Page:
• Xiaomi's Macbook Pro killer will run Linux
    Xiaomi is known for its popular clones of Apple's iPhone and iPad. Now the Chinese company is rumored to be working on a Linux-based alternative to Apple's Macbook Pro laptop.
  • Acer Announces Predator 8 Gaming Tablet With Intel Atom x7 And Android 5.1
  • Acer Predator 8: A $299 Android gaming tablet
    Acer is launching its first Android tablet designed for gaming. The company’s been showing off the device for months, but now it’s official: the Acer Predator 8 is a tablet with an 8-inch IPS display, an Intel Atom x7 Cherry Trail processor, and a $299 price tag.
  • Acer Launch New $299 Convertible Chromebook
  • Acer offers convertible Chromebook for $299
    Chromebooks have been burning up the sales charts on Amazon. And now convertible Chromebooks seem to be where the market is headed. Acer has jumped on the convertible bandwagon by announcing the Chromebook R11. This new model offers notebook and tablet functionality built into one Chromebook.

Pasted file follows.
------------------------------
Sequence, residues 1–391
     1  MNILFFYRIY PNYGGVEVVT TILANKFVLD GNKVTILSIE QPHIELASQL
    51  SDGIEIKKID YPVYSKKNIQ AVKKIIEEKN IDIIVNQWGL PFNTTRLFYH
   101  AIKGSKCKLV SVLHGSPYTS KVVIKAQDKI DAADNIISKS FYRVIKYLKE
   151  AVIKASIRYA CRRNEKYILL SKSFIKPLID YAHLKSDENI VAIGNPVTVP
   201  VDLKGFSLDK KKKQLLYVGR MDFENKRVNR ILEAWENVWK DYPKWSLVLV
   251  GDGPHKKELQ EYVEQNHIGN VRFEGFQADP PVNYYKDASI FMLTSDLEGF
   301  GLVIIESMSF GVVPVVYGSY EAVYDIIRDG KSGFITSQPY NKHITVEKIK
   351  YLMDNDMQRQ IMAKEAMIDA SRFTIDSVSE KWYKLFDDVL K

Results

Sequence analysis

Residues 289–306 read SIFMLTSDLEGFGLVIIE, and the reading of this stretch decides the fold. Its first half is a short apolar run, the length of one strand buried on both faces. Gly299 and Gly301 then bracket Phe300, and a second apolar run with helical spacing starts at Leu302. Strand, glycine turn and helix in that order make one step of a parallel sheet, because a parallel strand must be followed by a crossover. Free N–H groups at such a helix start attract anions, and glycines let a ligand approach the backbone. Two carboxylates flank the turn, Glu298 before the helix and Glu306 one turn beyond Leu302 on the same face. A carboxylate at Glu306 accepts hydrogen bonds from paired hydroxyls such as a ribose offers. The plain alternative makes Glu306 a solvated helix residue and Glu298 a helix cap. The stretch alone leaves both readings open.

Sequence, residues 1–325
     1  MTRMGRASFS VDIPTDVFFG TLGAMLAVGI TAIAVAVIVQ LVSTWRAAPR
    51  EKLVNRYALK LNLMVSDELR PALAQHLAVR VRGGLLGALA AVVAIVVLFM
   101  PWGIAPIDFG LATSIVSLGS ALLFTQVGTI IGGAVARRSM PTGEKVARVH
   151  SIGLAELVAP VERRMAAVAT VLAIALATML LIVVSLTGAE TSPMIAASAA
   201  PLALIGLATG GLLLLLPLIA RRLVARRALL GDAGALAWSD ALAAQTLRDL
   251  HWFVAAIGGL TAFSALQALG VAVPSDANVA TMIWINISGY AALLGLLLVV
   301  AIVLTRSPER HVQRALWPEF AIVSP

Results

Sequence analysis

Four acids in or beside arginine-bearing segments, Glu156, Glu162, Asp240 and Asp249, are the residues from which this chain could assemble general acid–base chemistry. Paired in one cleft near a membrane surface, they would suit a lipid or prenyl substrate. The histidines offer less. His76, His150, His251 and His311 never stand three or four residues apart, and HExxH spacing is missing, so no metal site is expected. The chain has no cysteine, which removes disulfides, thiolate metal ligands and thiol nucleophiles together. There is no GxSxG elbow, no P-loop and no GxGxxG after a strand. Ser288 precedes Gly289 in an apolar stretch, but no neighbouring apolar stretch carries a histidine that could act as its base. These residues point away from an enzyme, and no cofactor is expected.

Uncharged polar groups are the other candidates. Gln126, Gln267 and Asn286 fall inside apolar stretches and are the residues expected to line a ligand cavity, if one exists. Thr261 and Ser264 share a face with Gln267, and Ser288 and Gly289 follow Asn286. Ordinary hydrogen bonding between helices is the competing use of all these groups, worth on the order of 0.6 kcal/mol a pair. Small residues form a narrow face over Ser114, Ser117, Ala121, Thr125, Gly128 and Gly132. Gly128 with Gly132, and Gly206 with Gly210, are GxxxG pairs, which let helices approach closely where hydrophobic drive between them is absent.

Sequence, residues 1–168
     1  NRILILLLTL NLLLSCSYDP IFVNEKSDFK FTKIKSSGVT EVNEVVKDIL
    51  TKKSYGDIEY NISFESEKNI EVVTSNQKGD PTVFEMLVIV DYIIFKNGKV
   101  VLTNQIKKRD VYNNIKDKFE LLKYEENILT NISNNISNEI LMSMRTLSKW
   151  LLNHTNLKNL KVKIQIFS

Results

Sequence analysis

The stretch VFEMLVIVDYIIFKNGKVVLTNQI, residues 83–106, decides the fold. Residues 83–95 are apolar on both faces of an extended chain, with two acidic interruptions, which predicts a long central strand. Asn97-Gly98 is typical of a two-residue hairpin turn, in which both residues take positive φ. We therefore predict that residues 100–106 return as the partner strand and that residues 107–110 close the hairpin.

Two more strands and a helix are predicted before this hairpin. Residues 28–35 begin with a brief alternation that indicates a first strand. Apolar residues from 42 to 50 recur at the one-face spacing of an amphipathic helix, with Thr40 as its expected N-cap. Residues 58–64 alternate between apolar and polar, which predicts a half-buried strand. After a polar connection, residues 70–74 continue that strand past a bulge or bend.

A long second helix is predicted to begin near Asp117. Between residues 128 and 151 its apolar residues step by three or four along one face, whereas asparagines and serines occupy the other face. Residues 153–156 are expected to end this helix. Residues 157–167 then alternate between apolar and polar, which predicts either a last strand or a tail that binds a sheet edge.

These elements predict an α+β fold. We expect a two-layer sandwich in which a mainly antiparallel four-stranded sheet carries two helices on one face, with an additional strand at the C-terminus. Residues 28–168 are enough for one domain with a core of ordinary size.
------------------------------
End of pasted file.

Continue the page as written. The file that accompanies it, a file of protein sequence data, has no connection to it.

• Linux Foundation is giving away Chromebooks
    The Linux Foundation, the nonprofit organization that sponsors Linus Torvalds and runs many programs to accelerate the growth of Linux, is now giving away free Chromebooks to those who enroll in one of its training courses during September. Free Chromebook. To everyone. Throughout September. The foundation has chosen Dell’s Chromebook 11 for this program. The $299 Chromebook features a 11.6" display, is powered by 1.4Ghz processor, and comes with 4GB of RAM.
  • CloudRouter now live
    The collaborative open-source CloudRouter project has come out of beta.
  • Linux Kernel Engineer opportunity at Collabora!